year, defendant Rabiya Kadeer, following her husband's phone commands, 
        took a previously prepared list of people who had been handled by 
        judicial organisations, with her to Kumush Astana Hotel [Yingdu Hotel] 
        where she was to meet a foreigner'';
Whereas reports indicate that Ablikim Abdyirim was sent to a labor camp on 
        November 26 for 2 years without trial for ``supporting Uighur 
        separatism,'' and Rabiya Kadeer's secretary was recently sentenced to 3 
        years in a labor camp;
Whereas Rabiya Kadeer has 5 children, 3 sisters, and a brother living in the 
        United States, in addition to her husband, and Kadeer has expressed a 
        desire to move to the United States;
Whereas the People's Republic of China stripped Rabiya Kadeer of her passport 
        long before her arrest;
Whereas reports indicate that Kadeer's health may be at risk;
Whereas the People's Republic of China signed the International Covenant on 
        Civil and Political Rights on October 5, 1998;
Whereas that Covenant requires signatory countries to guarantee their citizens 
        the right to legal recourse when their rights have been violated, the 
        right to liberty and freedom of movement, the right to presumption of 
        innocence until guilt is proven, the right to appeal a conviction, 
        freedom of thought, conscience, and religion, freedom of opinion and 
        expression, and freedom of assembly and association;
Whereas that Covenant forbids torture, inhuman or degrading treatment, and 
        arbitrary arrest and detention;
Whereas the first Optional Protocol to the International Covenant on Civil and 
        Political Rights enables the Human Rights Committee, set up under that 
        Covenant, to receive and consider communications from individuals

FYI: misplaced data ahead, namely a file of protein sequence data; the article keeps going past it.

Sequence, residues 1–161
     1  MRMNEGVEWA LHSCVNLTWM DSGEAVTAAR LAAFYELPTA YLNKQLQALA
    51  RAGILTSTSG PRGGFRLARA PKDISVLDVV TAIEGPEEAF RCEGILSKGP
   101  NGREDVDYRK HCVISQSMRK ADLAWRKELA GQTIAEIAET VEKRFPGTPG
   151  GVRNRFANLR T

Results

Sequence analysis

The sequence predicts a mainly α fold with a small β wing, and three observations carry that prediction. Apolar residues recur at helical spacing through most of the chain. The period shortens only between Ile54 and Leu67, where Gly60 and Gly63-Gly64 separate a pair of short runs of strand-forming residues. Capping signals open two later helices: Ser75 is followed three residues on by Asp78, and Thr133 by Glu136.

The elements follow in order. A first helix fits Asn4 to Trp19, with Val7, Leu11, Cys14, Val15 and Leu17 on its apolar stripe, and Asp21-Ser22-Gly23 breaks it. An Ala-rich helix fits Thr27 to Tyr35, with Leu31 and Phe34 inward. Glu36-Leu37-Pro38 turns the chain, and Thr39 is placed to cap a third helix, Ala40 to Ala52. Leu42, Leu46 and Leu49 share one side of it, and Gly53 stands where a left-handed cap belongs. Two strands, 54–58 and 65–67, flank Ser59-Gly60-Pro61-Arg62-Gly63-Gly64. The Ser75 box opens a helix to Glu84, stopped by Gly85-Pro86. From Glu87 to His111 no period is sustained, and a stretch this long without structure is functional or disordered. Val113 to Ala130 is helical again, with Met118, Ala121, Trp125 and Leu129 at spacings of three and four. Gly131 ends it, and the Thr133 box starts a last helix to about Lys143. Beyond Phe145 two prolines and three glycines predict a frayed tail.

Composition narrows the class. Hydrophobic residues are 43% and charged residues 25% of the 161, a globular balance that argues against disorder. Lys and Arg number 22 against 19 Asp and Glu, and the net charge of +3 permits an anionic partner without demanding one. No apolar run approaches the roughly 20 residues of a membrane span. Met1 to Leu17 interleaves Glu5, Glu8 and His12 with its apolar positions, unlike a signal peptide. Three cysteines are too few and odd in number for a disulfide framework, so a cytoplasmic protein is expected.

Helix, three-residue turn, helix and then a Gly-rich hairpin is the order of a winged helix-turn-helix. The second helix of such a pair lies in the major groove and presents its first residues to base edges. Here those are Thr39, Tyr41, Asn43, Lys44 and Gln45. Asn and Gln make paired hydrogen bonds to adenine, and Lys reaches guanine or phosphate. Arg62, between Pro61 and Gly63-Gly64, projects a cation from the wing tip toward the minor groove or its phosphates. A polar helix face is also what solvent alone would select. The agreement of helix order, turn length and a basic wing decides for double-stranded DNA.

claiming to be victims of violations of any of the rights set forth in 
        the Covenant; and
Whereas in signing that Covenant on behalf of the People's Republic of China, 
        Ambassador Qin Huasun, Permanent Representative of the People's Republic 
        of China to the United Nations, said the following: ``To realize human 
        rights is the aspiration of all humanity. It is also a goal that the 
        Chinese Government has long been striving for. We believe that the 
        universality of human rights should be respected . . . As a member state 
        of the United Nations, China has always actively participated in the 
        activities of the organization in the field of human rights. It attaches 
        importance to its cooperation with agencies concerned in the U.N. system 
        . . .'': Now, therefore, be it
    Resolved by the Senate (the House of Representatives concurring), 
That Congress calls on the Government of the People's Republic of 
            (1) immediately to release Rabiya Kadeer, her secretary, 
        and her son; and
            (2) to permit Kadeer, her secretary, and her son to move to 
        the United States, if they so desire.

            Passed the Senate May 2, 2000.


                                                    GARY SISCO,


Pages: 1